Birmingham on list of proposed World Cup 2026 locations

Legion Field Birmingham

 

Legion Field Birmingham
Legion Field

According to ESPN FC, the United Bid Committee (US/Canada/Mexico) for the 2026 World Cup announced a proposed list of 49 cities under consideration to host games for the world’s largest sporting event.

Birmingham’s Legion Field is on the list.

Legion Field
Legion Field – photo by Pat Byington, Bham Now

From the ESPN FC news report:

Thirty-four cities in the United States, seven cities in Canada and three in Mexico are on the list of proposed locations to host games at the 2026 World Cup, the United Bid Committee announced on Tuesday.

The organizers will reach out to each of the cities on the list and those hoping to be selected will have until Sept. 5 to declare their interest.

Those cities will then have until early January 2018 to prepare their bid to become a World Cup host, if they make the initial shortlist, which is set to be announced in late September.

The organizers will reach out to each of the cities on the list and those hoping to be selected will have until Sept. 5 to declare their interest.

American Outlaws section at the U.S. vs Haiti Women’s friendly 2015 at Legion Field

Birmingham’s “Old Grey Lady” Legion Field turns 90 years old this week. Along with San Antonio, Birmingham is the only non-National Football League/Major League Soccer location under consideration.

Legion Field did make history in 1996 when it was the site of the U.S. Men’s National Team’s opening game of the Olympic soccer competition.

Here is a video of that game which started with the US scoring first, but eventually losing 3-1 to a powerful Argentinian team.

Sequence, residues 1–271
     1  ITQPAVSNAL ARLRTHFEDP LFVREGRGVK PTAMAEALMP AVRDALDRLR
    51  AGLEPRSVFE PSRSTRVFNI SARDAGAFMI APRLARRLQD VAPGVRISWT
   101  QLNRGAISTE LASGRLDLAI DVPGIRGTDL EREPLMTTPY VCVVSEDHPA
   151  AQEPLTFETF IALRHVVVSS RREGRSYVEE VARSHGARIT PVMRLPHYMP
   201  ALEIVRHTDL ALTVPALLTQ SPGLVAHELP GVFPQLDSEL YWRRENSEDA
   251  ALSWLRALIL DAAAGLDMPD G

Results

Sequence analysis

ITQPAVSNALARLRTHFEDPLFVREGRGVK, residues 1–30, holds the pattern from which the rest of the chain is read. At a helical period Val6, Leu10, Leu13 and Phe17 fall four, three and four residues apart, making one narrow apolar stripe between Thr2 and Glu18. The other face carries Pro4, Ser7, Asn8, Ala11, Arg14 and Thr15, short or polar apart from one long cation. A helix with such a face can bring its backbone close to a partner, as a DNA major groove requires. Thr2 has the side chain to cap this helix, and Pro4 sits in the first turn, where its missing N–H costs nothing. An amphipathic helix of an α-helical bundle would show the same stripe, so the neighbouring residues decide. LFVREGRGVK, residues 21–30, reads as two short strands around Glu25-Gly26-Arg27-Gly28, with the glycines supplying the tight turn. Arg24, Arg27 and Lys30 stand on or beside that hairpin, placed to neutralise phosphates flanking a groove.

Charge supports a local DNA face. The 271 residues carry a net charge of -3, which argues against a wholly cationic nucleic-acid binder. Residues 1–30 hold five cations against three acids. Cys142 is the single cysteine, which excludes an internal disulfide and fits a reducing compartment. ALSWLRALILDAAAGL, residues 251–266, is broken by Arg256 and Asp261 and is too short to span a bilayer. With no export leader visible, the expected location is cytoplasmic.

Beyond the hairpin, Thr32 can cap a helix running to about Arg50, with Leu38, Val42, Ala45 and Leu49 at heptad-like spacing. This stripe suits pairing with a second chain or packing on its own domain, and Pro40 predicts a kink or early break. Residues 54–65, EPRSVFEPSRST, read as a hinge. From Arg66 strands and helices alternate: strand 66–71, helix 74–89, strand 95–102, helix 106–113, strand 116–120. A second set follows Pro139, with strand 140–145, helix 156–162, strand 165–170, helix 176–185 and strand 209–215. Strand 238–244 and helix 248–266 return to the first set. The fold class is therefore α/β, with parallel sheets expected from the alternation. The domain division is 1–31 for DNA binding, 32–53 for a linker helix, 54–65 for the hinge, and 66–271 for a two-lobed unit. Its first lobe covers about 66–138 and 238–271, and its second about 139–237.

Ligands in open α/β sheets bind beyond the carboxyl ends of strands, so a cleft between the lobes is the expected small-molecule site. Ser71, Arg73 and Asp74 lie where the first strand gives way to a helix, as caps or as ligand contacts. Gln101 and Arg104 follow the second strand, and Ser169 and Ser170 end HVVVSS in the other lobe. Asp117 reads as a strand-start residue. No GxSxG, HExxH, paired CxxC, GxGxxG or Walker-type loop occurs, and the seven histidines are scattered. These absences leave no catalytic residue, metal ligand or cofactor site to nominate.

Will Birmingham “Go for it”

According to U.S. Soccer, in addition to a stadium capable of hosting international soccer, each city has to propose top international-level training sites and locations for team base camps, and hotels for teams, staff and VIP’s. The Bid Committee will also evaluate cities on their commitment to sustainable event management, aspirations to develop soccer, and the positive social impact they anticipate in the local community and beyond stemming from the event.

Will Birmingham “go for it” and put in a bid?

Stay tuned.

Author: Pat Byington

Longtime conservationist. Former Executive Director at the Alabama Environmental Council and Wild South. Publisher of the Bama Environmental News for more than 18 years. Career highlights include playing an active role in the creation of Alabama’s Forever Wild program, Little River Canyon National Preserve, Dugger Mountain Wilderness, preservation of special places throughout the East through the Wilderness Society and the strengthening (making more stringent) the state of Alabama’s cancer risk and mercury standards.